Art Her Up

BY Abigail Stone | November 19, 2018 | Feature Features

Bettina Korek brings her reputation for unraveling the complexities of the art scene to bear on Frieze's Los Angeles debut.

As the founder of ForYourArt and its weekly newsletter, Bettina Korek’s played Pied Piper to Angelenos for a dozen years, serenading them through galleries, museums and out-of-the-way spaces to highlight the city’s talent. Now, as executive director of Frieze Los Angeles, she’ll have her moment on the world stage as the fair’s arrival transforms the City of Angels into the City of Artists. “What makes L.A. so special, and always has, is that kind of narrative that there’s still space to experiment,” she says.

Though Korek—who grew up here before heading to Princeton—credits her mother for fostering her interest in art, it took an internship at an investment bank to galvanize her into switching majors from economics to art history. A year devouring Paris’ museums and galleries confirmed she’d made the right decision. After college, she returned to Los Angeles and a job at LACMA right as the city’s art scene was taking off. Work at LAXART and West of Rome Public Art cemented her interest in bringing art to a larger audience.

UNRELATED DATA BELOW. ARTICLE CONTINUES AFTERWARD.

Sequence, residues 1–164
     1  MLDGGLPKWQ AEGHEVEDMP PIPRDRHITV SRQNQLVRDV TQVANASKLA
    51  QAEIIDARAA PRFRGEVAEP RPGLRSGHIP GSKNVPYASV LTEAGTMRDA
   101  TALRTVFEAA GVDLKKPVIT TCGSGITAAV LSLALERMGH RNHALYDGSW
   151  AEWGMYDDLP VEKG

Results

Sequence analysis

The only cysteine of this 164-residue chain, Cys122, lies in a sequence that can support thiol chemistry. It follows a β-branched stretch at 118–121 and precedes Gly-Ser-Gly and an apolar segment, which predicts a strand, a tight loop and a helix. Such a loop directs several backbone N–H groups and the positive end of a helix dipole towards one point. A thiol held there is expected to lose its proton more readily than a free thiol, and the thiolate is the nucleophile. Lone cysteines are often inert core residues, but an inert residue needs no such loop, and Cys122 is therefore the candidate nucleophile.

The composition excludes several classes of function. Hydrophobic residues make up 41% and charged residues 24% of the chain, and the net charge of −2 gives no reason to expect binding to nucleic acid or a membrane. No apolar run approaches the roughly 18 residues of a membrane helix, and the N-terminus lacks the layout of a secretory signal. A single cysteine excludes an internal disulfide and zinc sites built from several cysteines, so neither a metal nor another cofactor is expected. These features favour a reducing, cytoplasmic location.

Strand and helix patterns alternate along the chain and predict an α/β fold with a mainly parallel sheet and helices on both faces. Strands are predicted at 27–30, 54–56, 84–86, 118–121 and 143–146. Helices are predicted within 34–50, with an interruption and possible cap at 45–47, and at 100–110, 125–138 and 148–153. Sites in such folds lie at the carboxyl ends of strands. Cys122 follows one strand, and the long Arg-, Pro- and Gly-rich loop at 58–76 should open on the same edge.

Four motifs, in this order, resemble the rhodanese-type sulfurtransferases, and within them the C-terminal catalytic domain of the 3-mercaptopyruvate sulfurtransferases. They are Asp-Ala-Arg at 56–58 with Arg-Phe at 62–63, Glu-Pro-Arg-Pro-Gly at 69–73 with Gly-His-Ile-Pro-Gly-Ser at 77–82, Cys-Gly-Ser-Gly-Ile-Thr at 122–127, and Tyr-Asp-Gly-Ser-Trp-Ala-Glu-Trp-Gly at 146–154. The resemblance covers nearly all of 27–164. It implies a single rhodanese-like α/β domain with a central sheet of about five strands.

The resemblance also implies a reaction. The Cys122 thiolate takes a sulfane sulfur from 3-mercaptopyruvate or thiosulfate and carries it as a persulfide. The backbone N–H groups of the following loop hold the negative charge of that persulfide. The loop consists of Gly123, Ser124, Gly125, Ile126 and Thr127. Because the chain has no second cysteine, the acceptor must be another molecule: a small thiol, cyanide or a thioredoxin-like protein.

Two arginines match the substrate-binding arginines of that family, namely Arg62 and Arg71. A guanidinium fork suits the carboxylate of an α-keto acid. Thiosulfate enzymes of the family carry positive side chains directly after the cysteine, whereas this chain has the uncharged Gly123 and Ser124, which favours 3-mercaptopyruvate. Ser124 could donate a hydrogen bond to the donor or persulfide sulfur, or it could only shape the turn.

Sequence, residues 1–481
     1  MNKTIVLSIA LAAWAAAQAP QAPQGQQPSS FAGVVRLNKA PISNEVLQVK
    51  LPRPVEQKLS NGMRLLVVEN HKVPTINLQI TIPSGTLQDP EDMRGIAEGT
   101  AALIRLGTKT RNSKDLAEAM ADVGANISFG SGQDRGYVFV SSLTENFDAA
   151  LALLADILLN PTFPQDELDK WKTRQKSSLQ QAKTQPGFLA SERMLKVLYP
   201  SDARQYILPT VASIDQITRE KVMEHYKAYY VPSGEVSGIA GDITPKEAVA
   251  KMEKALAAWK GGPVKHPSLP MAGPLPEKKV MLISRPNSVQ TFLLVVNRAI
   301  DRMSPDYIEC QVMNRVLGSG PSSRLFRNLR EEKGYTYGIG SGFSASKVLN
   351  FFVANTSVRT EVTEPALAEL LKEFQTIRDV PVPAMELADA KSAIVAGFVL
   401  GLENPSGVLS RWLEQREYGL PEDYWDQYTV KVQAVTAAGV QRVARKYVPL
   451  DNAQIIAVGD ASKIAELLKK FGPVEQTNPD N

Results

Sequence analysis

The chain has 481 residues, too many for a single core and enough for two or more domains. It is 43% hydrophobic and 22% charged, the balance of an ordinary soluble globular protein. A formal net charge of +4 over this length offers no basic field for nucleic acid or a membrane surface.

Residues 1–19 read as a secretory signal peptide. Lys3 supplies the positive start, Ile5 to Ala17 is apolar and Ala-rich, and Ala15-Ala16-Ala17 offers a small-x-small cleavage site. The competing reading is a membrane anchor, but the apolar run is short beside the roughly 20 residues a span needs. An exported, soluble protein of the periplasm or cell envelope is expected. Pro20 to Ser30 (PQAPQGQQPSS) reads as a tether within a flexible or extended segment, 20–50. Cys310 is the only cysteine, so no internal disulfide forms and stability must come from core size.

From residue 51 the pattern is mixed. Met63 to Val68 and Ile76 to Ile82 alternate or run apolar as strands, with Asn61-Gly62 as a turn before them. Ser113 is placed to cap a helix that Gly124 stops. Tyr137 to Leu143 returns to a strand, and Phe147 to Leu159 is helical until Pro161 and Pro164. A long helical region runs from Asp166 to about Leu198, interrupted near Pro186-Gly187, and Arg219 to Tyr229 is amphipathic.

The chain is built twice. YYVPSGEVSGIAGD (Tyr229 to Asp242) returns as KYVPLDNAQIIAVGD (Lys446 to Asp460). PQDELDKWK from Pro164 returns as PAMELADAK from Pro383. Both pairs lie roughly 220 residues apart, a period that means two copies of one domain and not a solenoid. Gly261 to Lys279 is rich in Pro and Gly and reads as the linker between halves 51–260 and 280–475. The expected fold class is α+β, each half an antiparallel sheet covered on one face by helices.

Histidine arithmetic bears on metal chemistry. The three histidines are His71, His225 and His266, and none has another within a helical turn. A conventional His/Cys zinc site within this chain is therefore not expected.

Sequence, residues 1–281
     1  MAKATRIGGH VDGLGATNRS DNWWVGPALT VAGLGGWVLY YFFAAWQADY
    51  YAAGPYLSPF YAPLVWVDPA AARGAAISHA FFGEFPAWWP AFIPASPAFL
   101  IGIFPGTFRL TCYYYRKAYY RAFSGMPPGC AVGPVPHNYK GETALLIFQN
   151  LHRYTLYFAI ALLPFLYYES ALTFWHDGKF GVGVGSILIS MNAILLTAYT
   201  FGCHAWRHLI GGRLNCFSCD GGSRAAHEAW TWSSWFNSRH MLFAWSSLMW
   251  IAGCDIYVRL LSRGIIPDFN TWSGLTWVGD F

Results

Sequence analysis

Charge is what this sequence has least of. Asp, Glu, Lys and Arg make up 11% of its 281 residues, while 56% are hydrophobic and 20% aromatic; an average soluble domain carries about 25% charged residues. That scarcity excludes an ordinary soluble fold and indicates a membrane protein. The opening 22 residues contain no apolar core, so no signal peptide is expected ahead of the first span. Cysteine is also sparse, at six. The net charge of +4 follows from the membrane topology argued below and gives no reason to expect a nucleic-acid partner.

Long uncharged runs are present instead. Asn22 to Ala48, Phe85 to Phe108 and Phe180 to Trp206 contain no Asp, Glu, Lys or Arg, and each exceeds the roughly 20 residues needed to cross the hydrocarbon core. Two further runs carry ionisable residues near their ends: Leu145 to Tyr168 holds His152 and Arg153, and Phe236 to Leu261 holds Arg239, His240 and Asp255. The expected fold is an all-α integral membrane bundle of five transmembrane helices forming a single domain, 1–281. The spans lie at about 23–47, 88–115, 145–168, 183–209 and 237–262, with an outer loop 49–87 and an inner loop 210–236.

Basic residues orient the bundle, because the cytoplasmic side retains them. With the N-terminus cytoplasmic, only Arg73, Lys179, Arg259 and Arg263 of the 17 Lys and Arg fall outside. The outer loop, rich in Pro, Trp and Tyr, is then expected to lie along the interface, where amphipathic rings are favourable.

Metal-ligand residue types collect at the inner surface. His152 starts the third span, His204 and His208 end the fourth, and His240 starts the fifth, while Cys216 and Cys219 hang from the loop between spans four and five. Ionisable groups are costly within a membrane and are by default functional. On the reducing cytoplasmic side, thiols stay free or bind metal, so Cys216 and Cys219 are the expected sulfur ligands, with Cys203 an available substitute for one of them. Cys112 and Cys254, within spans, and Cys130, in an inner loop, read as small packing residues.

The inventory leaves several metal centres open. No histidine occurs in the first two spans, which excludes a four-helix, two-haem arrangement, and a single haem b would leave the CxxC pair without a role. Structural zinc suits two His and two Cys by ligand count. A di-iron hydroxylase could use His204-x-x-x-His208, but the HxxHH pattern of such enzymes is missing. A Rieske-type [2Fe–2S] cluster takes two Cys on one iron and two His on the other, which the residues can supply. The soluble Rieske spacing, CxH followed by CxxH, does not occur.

“I think Freize could be a lightening rod to catalyze people’s access and understanding of the breadth and depth of what’s going on in L.A. on a weekly basis,” says Korek, assuaging people who might be intimidated by the venerated art fair’s reputation, that “it’s a friendly fair.” The show, which debuts in February on the Paramount lot, will be a more intimate experience than its siblings, anchored by international and local galleries tucked into a structure designed by Kulapat Yantrasast of wHY Architecture (who’s behind the renovations of the Marciano Art Foundation, Christie’s Los Angeles and ICA LA) and a backlot that will highlight artists—including Sarah Cain, Barbara Kruger, and Lisa Anne Auerbach—with an L.A. connection. “The power of art is its potential to break through into daily life,” says Korek. We have her to thank for helping wield the hammer.

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